For a limited time only (get yours while supplies last) a draft is available on my personal web site of "History and Theism: Epistemology, Miracles, and the God Who Speaks." This article will eventually appear in a forthcoming Routledge Companion to Theism, edited by Charles Taliaferro and Victoria Harrison. The contributors' articles are due by November of this year, but the release date has not been specified, as far as I know.
A representative of Routledge has given me permission to post a copy on my web site only until the volume comes out in print. Then I have to take it down. Moreover, at that point I'm not allowed to distribute electronic copies, and I won't get offprints, either. Just one copy of the entire volume, which isn't helpful for sending copies to inquirers. Also, of course, no JSTOR for articles that appear in books only rather than in journals. The bottom line is that, unless your university library buys a copy of the entire big, fat book, downloading this draft during the next six months to a year is your only opportunity to get this one piece without paying the iniquitous price that Routledge will doubtless charge for the entire anthology. (I'm not in the least implying that mine will be the only good thing in the book. I'm just writing this post for my own readers who therefore might be particularly interested in my own article.)
The article may be somewhat changed between now and its final incarnation if the editors have suggestions. In particular, the main title is required by the volume, and I don't yet know if subtitles will be allowed, so the subtitle may just be gone. (Hint: Google books allows you to search even within new books and see a snippet view of particular pages. So you can find a quotation you want to cite in a full-text version of a draft and then check the quotation and the page number using Google books.)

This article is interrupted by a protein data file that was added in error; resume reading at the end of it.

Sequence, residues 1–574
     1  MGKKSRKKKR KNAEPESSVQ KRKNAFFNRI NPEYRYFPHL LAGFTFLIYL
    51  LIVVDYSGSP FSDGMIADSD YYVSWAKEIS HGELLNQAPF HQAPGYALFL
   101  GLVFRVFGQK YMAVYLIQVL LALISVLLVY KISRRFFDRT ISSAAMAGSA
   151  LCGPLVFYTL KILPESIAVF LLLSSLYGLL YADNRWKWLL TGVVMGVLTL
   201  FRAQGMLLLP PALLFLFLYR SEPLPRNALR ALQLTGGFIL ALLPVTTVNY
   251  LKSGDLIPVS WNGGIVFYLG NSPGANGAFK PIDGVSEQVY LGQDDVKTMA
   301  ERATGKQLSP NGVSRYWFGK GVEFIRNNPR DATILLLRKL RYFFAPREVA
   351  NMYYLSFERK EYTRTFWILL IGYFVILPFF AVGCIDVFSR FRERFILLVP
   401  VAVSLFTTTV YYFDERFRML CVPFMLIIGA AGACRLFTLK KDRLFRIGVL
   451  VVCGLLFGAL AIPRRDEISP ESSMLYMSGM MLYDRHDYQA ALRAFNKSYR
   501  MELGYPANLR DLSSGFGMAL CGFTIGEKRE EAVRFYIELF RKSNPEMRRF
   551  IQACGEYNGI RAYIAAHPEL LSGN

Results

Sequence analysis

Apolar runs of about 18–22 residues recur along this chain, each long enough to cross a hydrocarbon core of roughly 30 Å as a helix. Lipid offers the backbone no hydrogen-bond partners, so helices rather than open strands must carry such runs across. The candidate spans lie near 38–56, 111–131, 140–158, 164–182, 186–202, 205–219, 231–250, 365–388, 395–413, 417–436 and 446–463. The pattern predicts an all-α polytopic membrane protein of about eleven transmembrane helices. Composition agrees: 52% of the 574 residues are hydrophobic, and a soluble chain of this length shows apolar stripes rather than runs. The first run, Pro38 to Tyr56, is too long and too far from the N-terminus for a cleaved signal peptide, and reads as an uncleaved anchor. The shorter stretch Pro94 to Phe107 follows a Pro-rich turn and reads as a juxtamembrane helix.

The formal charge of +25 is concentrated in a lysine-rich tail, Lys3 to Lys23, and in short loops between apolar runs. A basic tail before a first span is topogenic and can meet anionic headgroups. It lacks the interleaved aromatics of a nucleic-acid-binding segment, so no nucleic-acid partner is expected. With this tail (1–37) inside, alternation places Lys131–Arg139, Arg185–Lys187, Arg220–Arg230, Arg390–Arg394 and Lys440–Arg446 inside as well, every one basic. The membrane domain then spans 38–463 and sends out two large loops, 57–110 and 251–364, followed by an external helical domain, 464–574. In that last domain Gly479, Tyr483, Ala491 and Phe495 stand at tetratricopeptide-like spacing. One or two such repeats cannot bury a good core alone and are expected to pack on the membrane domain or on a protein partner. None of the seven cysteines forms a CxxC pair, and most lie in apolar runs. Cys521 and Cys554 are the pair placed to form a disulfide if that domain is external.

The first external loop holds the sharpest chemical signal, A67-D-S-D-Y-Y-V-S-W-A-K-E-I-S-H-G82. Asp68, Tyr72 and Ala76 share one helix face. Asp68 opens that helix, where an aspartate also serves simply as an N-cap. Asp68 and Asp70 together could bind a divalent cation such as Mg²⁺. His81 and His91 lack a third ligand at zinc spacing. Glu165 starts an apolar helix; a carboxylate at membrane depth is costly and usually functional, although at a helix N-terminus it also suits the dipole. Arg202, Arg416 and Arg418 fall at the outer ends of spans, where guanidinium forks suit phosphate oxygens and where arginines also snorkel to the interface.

Enough subversive suggestions for impoverished graduate students and people without access to academic libraries. I will also spare you a full-scale rant about the price of books printed by academic publishers and the virtual entombment of articles published in large, dead-tree anthologies. But please do feel free to download the draft for free while it's up.
You will notice a word count at the end of the text and before the bibliography. That's required for the submission and indicates, gentle readers, that the word limit was fierce. I'm already over by 131 words, which hopefully will be forgiven. As the topic (theism and history!) is, of course, huge, I beg your indulgence for the brevity with which I've written and for all the things I haven't had space to talk about.